Do not try to outsmart those who have beaten the market for decades and turned their own stock into 1000+ bagger.

Another thing is that you cannot claim the market is efficient throughout because you just admitted under the radar companies (and some big companies too like Palantir) are mostly retail and insider owned, and whilst insiders aren't responsible for their ridiculous valuations, retail for the most part lacks the skills and knowledge to value stocks and will pay any price for a ticker or any company they see a future in because they haven't got a clue about value.

Getting businesses at expensive prices will drastically reduce your returns and cost you time. Time is your money, so don't waste it.
Henri Blomster profile picture
Price does matter, this is clear. If you are certain of your assessment of price, go for it.

However, determining the exact future cash flows for a young company is much more difficult for one in the mature stage.

The market cap alone does not solve this problem because a company can be both mature and small. Understanding the business is more important for a company in the early phase, because there are limits on how much the management can do for a mature business.

One would expect to be more likely to find mispricing in small-cap stocks but there are dangers in trying to do that.

I just followed up a discussion on the social media about a small company in Germany in the EV space that reported huge growth numbers from a very low base. The valuation looked cheap and quite a few focused on that low price and thought that the micro-sized company is undetected by the market. The alternative approach from someone who thinks markets are most often effective: " there is probably something I do not understand going on here".

It was apparent that many had understood that the company sells batteries based on proprietary technology. Thus the growth is a reflection of competitive technology. In reality, this proprietary technology was still in the development phase. Most sales came from selling batteries from another company and the services related to this.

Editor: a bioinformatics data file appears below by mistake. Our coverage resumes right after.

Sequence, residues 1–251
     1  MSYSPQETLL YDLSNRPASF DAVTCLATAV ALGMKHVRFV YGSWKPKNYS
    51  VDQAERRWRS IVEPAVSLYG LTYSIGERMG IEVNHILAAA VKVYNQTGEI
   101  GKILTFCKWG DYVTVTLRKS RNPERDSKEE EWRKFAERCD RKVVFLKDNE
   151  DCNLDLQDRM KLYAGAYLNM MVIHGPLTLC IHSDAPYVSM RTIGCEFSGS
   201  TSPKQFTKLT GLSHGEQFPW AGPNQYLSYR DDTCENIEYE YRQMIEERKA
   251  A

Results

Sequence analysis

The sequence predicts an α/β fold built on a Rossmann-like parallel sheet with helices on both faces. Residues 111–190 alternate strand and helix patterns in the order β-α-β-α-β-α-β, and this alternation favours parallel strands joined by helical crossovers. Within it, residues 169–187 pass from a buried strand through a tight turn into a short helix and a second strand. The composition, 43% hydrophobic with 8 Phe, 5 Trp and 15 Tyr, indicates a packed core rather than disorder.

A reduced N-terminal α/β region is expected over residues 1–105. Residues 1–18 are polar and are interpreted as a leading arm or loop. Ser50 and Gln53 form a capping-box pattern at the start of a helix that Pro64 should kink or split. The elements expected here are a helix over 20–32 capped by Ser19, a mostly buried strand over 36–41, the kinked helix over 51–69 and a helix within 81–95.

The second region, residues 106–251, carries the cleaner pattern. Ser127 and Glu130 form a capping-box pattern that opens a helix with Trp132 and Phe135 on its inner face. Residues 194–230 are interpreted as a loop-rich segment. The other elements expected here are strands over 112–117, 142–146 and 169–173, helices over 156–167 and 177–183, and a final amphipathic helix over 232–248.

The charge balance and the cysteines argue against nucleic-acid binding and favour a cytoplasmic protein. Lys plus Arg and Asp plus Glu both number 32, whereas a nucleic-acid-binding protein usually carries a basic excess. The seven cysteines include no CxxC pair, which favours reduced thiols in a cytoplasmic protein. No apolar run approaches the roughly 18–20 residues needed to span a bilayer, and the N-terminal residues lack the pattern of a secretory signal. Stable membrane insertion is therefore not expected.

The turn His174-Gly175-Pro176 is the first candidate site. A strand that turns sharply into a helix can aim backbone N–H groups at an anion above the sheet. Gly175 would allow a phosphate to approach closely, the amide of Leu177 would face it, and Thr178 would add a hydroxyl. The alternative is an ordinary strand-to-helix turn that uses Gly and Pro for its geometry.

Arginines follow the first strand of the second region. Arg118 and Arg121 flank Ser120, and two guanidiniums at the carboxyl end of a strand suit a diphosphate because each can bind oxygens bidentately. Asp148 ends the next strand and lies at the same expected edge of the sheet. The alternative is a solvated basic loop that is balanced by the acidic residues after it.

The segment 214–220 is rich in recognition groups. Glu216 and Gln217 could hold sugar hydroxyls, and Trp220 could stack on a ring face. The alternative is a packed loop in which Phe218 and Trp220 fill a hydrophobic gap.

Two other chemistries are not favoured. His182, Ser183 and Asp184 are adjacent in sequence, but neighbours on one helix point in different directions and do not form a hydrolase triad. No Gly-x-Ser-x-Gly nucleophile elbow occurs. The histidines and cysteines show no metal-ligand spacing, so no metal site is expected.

With focus on price, many wrongly assumed that this is a company with
-proprietary technology
-a factory that produces batteries based on that technology
-a track record proving the market fit of these batteries

My message here is that the importance of understanding the business is most important when investing in growth-stage companies.
Business0wner profile picture
@Henri Blomster Thanks for getting back and I agree on cashflows but my point remains, not all fast growers will turn into multibaggers.

You could be growing rev at triple digit and still take a loss until your last day. The stock will be shot down eventually.

Regarding efficient markets, this is true for big caps and less so for retail owned stocks.

Third and last, you should never buy a fast grower at any price without understanding how much of its growth is already priced in or else you could not just reduce your returns but actually make a huge loss.

Those are my key points.
I love reading and rereading this article. i found it interesting. i will try to follow this strategy on 25% of my portfolio to see how fruitful would it be in 5 years. thanks mate.
A great article, and also pretty much describes the strategy that I personally try to follow.
Assuming that you make more money 10 years from now, an investment of 1.5% of your portfolio today could be on a cost basis 0.1% of your portfolio 10 years from now. Are you saying never add to a position?
Henri Blomster profile picture
Great question.

No, I am not saying that. This is a framework and should be treated like that. This is not a smart beta strategy, i.e. rules-based investing.

A keep-the-compounders-investor who already has a portfolio diversified across market capitalization should have a different approach to buys, compared to one that starts to build the portfolio.

A young individual who, compared to salary, has a small portfolio, should make different decisions compared to an older investor whose portfolio's size equals financial independence.

I encourage to adjust according to personal needs, instead of treating given examples as strict rules.
Sharon Keren profile picture
Excellent! Many thanks.